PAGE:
Lauren Greenfield‘s Generation Wealth wants to be a searing odyssey into the self-destructive behavior of the Post-90s “new rich”: a wealth for wealth’s sake class that continues to amass obscene amounts of money from its gross exploitation of America’s obsession with social class and the often sexually charged visual stimuli that accompanies it. To accomplish this ambitious task, Greenfield — a highly acclaimed photojournalist and documentary filmmaker— has revisited several of her rich and/or reckless subjects from her 25 year career. The result is a searing, dizzying, but ultimately uneven vision of wealth fixation.
Greenfield provides a kaleidoscopic sampling of mini-biographical accounts from more than a dozen individuals, as well as broader coverage of countries under the thralls of global corporatization. In so doing, she sacrifices critical nuance or detail of any single subject (for this, refer to her 2012 hit The Queen of Versailles, an intimate portrayal of the multi-billionaire Siegel family’s fall from grace). Greenfield’s omission is clearly intentional, as her goal is to discomfort and overwhelm through a breathless visual assault of garish imagery.
Indeed, flamboyance and bombast proves to be the film’s most common thread, which serves as an upsetting indictment of the American Way. One moment, the focus is on Suzanne — a 40-year-old hedge fund manager and workaholic with a Wall Street “rock star” image — who spends stratospheric amounts of money on bombastic clothes and contemporary art. Shortly after, the film follows mega-socialite Tiffany Masters, a Las Vegas uber-hostess who tirelessly spends all hours in limousines and deafening dance clubs, entertaining her nightlife indulgent clientele. The spectrum expands, with the stupendously flashy Limo Bob, a luxury transportation entrepreneur who adorns 33 pounds of gold jewelry, and boasts a 100-foot limousine of his own.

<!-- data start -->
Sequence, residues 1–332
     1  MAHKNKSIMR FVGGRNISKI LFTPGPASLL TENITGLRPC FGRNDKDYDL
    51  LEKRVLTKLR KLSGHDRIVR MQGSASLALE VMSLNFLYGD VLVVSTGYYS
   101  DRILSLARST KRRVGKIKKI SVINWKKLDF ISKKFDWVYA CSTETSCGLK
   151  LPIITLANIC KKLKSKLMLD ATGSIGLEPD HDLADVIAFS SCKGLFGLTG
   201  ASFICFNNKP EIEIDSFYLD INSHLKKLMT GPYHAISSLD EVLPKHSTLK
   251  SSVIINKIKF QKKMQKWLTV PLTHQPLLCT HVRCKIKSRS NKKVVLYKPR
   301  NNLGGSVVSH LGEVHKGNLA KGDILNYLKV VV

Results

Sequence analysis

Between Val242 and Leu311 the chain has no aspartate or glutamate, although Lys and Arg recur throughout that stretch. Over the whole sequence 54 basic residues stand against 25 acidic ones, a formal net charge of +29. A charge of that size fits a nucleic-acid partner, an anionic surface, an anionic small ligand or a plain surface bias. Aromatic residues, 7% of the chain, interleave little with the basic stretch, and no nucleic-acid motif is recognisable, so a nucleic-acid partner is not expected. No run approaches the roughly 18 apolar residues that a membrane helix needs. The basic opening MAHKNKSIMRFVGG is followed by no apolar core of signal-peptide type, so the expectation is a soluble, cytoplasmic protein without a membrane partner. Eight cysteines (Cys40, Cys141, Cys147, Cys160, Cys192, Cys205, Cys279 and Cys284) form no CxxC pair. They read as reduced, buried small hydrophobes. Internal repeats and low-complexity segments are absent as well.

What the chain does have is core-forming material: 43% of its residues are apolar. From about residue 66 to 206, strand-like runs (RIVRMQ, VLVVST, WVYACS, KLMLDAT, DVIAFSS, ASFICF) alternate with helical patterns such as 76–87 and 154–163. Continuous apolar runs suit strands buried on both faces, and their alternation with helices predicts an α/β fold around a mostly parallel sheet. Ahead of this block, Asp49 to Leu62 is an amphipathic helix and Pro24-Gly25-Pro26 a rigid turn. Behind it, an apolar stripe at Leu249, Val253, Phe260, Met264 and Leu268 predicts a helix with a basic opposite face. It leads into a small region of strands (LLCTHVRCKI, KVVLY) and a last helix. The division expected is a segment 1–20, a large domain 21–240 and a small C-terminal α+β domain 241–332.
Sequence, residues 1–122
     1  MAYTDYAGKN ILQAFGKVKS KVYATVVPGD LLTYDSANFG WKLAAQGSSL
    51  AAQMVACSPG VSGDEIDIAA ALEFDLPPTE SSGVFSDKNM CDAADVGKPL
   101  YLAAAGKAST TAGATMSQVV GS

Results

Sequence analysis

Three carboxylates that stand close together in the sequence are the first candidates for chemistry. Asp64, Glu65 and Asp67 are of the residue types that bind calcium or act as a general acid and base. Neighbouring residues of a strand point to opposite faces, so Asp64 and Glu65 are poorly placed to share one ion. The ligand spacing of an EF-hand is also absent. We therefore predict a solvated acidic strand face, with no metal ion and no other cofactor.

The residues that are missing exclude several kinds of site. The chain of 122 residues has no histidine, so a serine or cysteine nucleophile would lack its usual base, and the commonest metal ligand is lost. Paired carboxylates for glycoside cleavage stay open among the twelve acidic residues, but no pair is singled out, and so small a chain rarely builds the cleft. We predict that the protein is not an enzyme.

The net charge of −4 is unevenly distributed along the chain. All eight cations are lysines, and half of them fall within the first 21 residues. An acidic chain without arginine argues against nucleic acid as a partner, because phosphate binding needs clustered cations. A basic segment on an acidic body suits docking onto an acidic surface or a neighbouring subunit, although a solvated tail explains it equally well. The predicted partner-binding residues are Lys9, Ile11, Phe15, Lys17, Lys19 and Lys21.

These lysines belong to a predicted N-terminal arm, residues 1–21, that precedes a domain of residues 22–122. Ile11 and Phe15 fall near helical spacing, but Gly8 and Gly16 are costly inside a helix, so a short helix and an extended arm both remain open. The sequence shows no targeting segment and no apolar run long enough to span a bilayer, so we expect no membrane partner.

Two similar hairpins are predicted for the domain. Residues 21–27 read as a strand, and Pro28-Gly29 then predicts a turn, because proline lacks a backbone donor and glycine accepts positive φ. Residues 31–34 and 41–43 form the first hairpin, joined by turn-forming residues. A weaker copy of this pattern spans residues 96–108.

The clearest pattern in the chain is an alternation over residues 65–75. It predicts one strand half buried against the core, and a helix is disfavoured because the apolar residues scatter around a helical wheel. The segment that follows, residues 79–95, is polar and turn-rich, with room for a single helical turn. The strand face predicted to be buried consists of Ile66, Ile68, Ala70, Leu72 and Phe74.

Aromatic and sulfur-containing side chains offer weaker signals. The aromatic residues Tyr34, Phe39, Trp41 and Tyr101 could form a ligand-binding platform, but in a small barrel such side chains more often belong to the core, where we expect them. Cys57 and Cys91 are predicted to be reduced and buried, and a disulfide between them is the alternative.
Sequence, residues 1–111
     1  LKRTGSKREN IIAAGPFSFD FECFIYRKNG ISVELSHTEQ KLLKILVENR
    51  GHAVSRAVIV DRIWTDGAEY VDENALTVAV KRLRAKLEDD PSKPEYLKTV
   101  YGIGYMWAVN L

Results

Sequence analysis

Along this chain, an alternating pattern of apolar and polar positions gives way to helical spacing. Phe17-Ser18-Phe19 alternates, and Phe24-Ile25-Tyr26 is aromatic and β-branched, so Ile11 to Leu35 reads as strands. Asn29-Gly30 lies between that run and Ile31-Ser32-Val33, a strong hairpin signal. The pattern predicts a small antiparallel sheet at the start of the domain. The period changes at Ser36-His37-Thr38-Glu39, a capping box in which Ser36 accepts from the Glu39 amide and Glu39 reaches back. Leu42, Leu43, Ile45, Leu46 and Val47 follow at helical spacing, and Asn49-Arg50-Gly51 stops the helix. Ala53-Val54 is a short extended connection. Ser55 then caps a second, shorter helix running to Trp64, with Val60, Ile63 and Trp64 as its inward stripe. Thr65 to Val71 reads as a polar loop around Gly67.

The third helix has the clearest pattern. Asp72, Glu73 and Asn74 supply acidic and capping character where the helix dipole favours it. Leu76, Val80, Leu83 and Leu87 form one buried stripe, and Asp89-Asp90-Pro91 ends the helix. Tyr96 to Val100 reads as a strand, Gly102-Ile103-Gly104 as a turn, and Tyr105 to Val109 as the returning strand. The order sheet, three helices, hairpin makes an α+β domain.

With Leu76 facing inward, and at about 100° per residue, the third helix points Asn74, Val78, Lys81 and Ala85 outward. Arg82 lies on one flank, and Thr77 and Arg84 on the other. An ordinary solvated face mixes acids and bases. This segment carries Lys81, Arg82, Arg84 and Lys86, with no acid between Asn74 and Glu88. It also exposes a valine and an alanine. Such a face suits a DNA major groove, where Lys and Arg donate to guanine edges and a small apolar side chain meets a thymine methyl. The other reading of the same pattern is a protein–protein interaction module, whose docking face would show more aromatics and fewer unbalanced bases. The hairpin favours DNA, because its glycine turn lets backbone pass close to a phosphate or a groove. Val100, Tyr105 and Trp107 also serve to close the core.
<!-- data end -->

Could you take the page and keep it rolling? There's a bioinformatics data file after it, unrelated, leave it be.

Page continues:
For each subject, Greenfield’s camera is remarkably effective at juxtaposing their lavishness with several close-ups of their exhausted faces, strained and stressed. Indeed, if Greenfield stayed true to this style for what would have been a breathtaking 90 minutes, Generation Wealth would have served as a pointed indictment on American iconography. But problematically, Greenfield keeps bloating her interview field to the point where her thematic thread becomes exceedingly thin.
Interviews with former adult star Kasey Jordan, accompanied by disturbingly graphic imagery and her resulting trauma, warrant a deeper psychological examination into her decisions and to the adult entertainment industry. However, the film’s insistence on quickly shifting between Jordan and other socialites, many of whom wind up happily married or are still remarkably well off, creates an unwanted sampling effect. Such breadth of source material may work in a photo collection where one can choose to spend several minutes with each picture. However, this method doesn’t translate well to a documentary where focused consideration of those truly hurt by excess is necessary to have a lasting emotional impact.